Date of Award
Doctor of Physical Therapy (DPT)
Background and Purpose. This case report describes the use of postoperative treatments incorporating myofascial release and proprioceptive neuromuscular techniques, on a 59-year-old male who underwent a left open rotator cuff repair following a massive rotator cuff tear. This was after an 8 week passive motion phase. The goals of this case report were to evaluate the feasibility of these techniques and to examine improvements in shoulder range of motion, function of the involved extremity, and pain reduction.
Case Description. The patient suffered a massive rotator cuff tear at work after falling on his shoulder. The patient started with an 8 week passive motion treatment phase combined with stretching to protect the surgical sites and allow the rotator cuff tendons to heal. At 8 weeks the patient started an active assistive range of motion treatment phase to work on strengthening and flexibility. At 10 weeks he was able to do active range of motion and began strength exercises to help strengthen the deltoid and rotator cuff muscles.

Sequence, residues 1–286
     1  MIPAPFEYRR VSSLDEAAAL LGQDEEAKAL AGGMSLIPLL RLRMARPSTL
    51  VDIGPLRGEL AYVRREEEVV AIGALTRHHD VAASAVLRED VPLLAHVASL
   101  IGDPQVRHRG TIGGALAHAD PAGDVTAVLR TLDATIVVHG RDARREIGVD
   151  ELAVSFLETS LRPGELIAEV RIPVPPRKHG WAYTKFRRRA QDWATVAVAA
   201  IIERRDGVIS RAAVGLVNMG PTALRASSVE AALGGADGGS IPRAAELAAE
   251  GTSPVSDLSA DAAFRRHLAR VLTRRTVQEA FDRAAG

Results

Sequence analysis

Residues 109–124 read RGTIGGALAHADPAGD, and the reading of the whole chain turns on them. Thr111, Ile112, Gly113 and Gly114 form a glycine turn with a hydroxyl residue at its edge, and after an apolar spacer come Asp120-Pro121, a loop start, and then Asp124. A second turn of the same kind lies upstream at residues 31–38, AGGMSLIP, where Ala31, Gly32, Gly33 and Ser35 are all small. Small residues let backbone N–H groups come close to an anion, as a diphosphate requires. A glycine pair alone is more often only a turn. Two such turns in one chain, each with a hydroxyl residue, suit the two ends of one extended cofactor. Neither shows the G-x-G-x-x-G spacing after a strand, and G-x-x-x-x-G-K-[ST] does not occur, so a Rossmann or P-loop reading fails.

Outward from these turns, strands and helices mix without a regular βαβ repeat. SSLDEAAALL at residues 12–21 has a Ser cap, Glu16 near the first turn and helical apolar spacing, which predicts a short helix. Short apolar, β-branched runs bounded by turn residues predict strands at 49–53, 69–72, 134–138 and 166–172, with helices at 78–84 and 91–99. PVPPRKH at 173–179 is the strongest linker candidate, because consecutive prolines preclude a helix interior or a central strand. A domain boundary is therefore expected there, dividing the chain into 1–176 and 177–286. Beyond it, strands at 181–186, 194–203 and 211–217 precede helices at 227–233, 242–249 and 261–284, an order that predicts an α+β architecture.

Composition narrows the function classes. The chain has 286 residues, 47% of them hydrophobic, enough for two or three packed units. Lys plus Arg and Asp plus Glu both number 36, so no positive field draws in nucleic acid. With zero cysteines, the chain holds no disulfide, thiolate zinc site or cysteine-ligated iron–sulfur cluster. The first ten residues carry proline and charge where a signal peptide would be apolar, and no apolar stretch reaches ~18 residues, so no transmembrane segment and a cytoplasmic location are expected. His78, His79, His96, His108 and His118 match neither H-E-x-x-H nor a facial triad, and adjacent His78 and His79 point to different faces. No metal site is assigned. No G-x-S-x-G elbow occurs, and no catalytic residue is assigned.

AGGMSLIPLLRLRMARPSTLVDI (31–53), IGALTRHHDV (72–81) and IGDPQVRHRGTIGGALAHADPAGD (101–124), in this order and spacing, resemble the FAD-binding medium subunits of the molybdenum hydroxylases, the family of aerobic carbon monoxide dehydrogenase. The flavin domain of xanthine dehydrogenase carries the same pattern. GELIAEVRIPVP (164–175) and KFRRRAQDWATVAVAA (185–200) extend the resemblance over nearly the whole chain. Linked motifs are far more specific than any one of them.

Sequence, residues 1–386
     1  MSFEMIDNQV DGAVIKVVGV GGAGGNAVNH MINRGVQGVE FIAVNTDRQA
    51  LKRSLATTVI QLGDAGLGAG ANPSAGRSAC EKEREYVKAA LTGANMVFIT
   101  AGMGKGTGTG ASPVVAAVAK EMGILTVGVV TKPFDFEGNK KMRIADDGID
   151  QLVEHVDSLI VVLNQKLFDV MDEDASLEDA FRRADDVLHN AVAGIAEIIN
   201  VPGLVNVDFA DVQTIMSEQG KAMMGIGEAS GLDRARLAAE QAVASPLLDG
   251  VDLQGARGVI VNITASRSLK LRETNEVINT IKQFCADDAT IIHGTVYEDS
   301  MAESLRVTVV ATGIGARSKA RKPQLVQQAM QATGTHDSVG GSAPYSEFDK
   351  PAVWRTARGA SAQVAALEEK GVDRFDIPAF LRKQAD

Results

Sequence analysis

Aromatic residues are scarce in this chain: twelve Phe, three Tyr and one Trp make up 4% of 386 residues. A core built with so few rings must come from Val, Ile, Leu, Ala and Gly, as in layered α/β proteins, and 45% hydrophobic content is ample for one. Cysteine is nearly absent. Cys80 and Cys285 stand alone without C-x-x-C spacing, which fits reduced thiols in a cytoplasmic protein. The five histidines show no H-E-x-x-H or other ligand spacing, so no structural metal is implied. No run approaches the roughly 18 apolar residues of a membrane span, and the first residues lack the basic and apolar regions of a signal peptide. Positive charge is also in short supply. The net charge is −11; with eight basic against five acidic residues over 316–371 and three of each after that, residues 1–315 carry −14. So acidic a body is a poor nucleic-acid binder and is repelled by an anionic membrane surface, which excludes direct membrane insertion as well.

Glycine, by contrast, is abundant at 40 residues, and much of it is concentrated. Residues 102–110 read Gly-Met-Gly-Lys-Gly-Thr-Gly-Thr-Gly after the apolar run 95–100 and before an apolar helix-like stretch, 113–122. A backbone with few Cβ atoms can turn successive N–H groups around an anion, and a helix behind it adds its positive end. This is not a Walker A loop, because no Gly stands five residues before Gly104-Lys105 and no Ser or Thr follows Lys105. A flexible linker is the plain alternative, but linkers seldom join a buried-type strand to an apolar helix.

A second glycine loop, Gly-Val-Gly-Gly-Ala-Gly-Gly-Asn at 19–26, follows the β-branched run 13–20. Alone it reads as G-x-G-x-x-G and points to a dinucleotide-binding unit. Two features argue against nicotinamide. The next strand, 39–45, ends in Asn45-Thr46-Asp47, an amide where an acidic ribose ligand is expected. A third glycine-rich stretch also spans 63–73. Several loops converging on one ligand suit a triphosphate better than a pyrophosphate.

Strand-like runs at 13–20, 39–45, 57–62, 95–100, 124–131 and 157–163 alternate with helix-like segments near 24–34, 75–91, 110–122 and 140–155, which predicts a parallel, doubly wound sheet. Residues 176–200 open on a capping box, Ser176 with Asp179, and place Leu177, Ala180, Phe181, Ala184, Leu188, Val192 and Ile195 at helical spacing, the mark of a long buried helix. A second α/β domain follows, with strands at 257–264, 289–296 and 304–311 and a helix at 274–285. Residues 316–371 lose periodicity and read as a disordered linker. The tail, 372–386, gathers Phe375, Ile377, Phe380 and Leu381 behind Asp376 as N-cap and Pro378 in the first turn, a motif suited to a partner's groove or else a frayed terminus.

Intervention. Myofascial release was used to stretch out tight restrictive tissues. The patient also performed a proprioceptive neuromuscular facilitation (PNF) hold-relax technique for external rotation.
Outcomes. Visual analog pain scores (0-10) at examination, 8 weeks, and 12 weeks were 6, 3, and 1, respectively. Passive shoulder flexion, abduction, and external rotation increased by 95°,55° and 40°, respectively. At 12 weeks the patient was able to do some overhead activities at 90 degrees and was able to put on and take off his coat.
Discussion. The findings suggest that myofascial release and a PNF hold-relax technique may be incorporated into a rehabilitation program for a rotator cuff tear and repair.
Arroyo,, Bryan L., "Use of Myofascial Release and Proprioceptive Neuromuscular Facilitation in Combination with a Rehabilitation Protocol For a Patient Following a Massive Rotator Cuff Tear and Repair: A Case Report" (2010). Physical Therapy Scholarly Projects. 519.